Now I step forth, and in a few minutes, arrive at Dead Man's Alley. It surely was not proper to attach such a horrible, frightening name to this street. Simply because the town corpses were transported through there, was it needful to give it such a melancholy title? In all, this little street consists of two very short rows of houses. Its inhabitants are Jewish manual laborers and small businessmen. Only one shop is found there, the shop of Yashe Kolshevsky, on the corner of the left row. When I recall this Christian, I never cease to wonder. His pure Yiddish was intermingled with Talmud words, and his diction was superior to that of many of his Jewish neighbors.

If you find yourself here on a warm summer day, and you have leisure time, it's worth the while to turn left. Moving in this direction, you'll arrive at the top of the hill on which two windmills stand. At the start of this route there are only a few houses on either side, inhabited by Christians. Further on, one passes by a row of barns built on only one side of the street. The hill itself is bare and open on all directions. A cool refreshing breeze meets one while grating and scraping sounds emerge from the mill. Giant, cross-shaped wings revolve from one place. If one wishes quietness and solitude, however, and to gratify oneself with a view of the beautiful landscape, it is better to turn back to the departure point, to the house of Yashe Kolshevsky. From there, turn aside on the path to the right. You will find yourself in a cultivated field, in which there is a path leading to the hill with the little Catholic shrine. There is no trodden path to the top of the hill, seemingly designed for the taste of those that take pleasure in solitude. There, one feels no glance of a strange eye.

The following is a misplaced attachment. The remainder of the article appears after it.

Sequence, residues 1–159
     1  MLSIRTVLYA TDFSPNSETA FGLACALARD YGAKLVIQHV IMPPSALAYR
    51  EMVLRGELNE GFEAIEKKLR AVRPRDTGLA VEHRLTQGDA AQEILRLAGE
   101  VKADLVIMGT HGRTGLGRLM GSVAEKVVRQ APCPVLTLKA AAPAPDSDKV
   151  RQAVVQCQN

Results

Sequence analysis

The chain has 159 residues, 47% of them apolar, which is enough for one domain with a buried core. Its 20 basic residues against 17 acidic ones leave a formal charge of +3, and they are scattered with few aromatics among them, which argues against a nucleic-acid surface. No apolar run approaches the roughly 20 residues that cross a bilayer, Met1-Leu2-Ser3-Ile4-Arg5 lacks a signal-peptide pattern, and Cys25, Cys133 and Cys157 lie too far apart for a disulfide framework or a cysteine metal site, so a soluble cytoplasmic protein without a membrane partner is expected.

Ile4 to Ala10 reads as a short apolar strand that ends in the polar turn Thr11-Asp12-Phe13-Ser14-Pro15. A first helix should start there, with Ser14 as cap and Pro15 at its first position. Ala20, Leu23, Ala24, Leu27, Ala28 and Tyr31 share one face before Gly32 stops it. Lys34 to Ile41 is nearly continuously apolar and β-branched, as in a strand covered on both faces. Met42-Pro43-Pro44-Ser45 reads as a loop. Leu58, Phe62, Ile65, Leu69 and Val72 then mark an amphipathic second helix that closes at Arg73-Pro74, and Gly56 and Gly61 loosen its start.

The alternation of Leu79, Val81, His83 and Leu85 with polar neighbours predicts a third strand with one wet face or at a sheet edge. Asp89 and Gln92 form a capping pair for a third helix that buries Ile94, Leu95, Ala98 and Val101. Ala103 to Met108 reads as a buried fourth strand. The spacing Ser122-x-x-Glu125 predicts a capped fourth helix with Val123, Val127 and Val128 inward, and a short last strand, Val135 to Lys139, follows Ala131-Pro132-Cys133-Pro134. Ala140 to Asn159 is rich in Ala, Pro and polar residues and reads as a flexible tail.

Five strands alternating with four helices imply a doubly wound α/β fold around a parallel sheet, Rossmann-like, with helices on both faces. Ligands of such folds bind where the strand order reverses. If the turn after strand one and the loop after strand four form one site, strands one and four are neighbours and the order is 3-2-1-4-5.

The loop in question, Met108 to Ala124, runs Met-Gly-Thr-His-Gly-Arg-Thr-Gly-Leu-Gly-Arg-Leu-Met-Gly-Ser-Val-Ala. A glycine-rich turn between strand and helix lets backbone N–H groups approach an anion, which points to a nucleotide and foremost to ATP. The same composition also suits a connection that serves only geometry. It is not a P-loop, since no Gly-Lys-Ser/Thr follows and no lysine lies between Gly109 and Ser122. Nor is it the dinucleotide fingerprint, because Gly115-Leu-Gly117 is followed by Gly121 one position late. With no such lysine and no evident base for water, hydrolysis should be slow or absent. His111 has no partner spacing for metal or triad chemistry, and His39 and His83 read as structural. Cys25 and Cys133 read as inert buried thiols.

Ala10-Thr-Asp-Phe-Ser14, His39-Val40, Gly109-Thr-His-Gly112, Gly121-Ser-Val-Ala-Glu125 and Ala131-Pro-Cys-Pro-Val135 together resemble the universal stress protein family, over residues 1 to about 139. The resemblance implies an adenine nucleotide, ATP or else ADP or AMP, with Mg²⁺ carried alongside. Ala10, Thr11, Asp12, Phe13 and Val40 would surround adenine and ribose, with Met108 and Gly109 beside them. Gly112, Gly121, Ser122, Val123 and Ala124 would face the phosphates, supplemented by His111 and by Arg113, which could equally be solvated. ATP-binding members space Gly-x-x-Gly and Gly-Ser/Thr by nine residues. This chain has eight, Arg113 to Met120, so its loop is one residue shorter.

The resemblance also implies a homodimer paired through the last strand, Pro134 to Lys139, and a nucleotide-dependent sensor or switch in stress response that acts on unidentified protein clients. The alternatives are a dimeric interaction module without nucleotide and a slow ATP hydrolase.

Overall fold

The same highway shortcut is intersected by a brook which comes from Rave. From that point and further on it is hidden behind the highland through which it continues in the direction of Sochovole and Grodno. The brook currents move forward on their way to the Bober River into which it flows, after passing by two windmills, one in Dolke and the other in Guzi. The latter belongs to Mayer Guzer of the Plaskovsky family. The willows on both sides of the highway are swallowed up between the trees and bushes that grow in the water-rich soil of the area. During summer evenings, the highway was noisy with crowds of strollers, just as one might find on a city street. The trees and the intermingled growth gave the place the attractiveness of a city park. Couples ambled back and forth there. Zionist pioneers (chalutzim) used to walk there in closed ranks, and took up the whole breadth of the highway while singing with vigor. Every new song, which arrived from Eretz Yisroel by messengers, first came to them and then was passed on from them to the whole shtetl. After the pioneer organization was established by the Hebrew school teacher Mordechai Nielovitsky on the synagogue hill, a marked change took place in the atmosphere of the town. Concerns about family prestige became outdated. We no longer heard the comment “It's proper to associate with this one, but not with that other one.” This elimination of class prejudice filled us with pride. Youngsters from prosperous families began to take an interest in learning a trade. Some moved away to the pioneer preparation station. Agricultural labor was considered the most highly esteemed trade.